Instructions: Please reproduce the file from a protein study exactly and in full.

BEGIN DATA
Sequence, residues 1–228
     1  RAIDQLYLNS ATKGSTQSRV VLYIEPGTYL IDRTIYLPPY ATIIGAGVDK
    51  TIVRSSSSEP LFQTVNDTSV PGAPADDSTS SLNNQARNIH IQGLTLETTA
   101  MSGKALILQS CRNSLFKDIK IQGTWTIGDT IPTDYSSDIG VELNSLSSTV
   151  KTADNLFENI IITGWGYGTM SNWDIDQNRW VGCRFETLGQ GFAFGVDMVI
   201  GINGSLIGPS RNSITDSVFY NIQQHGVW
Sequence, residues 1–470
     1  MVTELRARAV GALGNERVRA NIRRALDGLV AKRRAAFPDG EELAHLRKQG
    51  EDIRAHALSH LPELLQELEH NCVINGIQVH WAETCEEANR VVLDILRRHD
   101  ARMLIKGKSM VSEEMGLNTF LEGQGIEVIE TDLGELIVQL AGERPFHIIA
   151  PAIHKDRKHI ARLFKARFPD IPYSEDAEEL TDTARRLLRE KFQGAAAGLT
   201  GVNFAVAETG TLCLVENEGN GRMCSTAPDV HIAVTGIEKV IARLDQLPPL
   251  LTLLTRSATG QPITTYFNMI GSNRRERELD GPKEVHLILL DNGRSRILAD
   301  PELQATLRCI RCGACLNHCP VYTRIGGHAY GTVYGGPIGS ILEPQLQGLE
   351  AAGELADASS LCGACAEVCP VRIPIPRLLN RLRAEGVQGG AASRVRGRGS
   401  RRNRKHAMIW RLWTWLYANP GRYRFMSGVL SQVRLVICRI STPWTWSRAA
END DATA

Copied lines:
Sequence, residues 1–228
     1  RAIDQLYLNS ATKGSTQSRV VLYIEPGTYL IDRTIYLPPY ATIIGAGVDK
    51  TIVRSSSSEP LFQTVNDTSV PGAPADDSTS SLNNQARNIH IQGLTLETTA
   101  MSGKALILQS CRNSLFKDIK IQGTWTIGDT IPTDYSSDIG VELNSLSSTV
   151  KTADNLFENI IITGWGYGTM SNWDIDQNRW VGCRFETLGQ GFAFGVDMVI
   201  GINGSLIGPS RNSITDSVFY NIQQHGVW
Sequence, residues 1–470
     1  MVTELRARAV GALGNERVRA NIRRALDGLV AKRRAAFPDG EELAHLRKQG
    51  EDIRAHALSH LPELLQELEH NCVINGIQVH WAETCEEANR VVLDILRRHD
   101  ARMLIKGKSM VSEEMGLNTF LEGQGIEVIE TDLGELIVQL AGERPFHIIA
   151  PAIHKDRKHI ARLFKARFPD IPYSEDAEEL TDTARRLLRE KFQGAAAGLT
   201  GVNFAVAETG TLCLVENEGN GRMCSTAPDV HIAVTGIEKV IARLDQLPPL
   251  LTLLTRSATG QPITTYFNMI GSNRRERELD GPKEVHLILL DNGRSRILAD
   301  PELQATLRCI RCGACLNHCP VYTRIGGHAY GTVYGGPIGS ILEPQLQGLE
   351  AAGELADASS LCGACAEVCP VRIPIPRLLN RLRAEGVQGG AASRVRGRGS
   401  RRNRKHAMIW RLWTWLYANP GRYRFMSGVL SQVRLVICRI STPWTWSRAA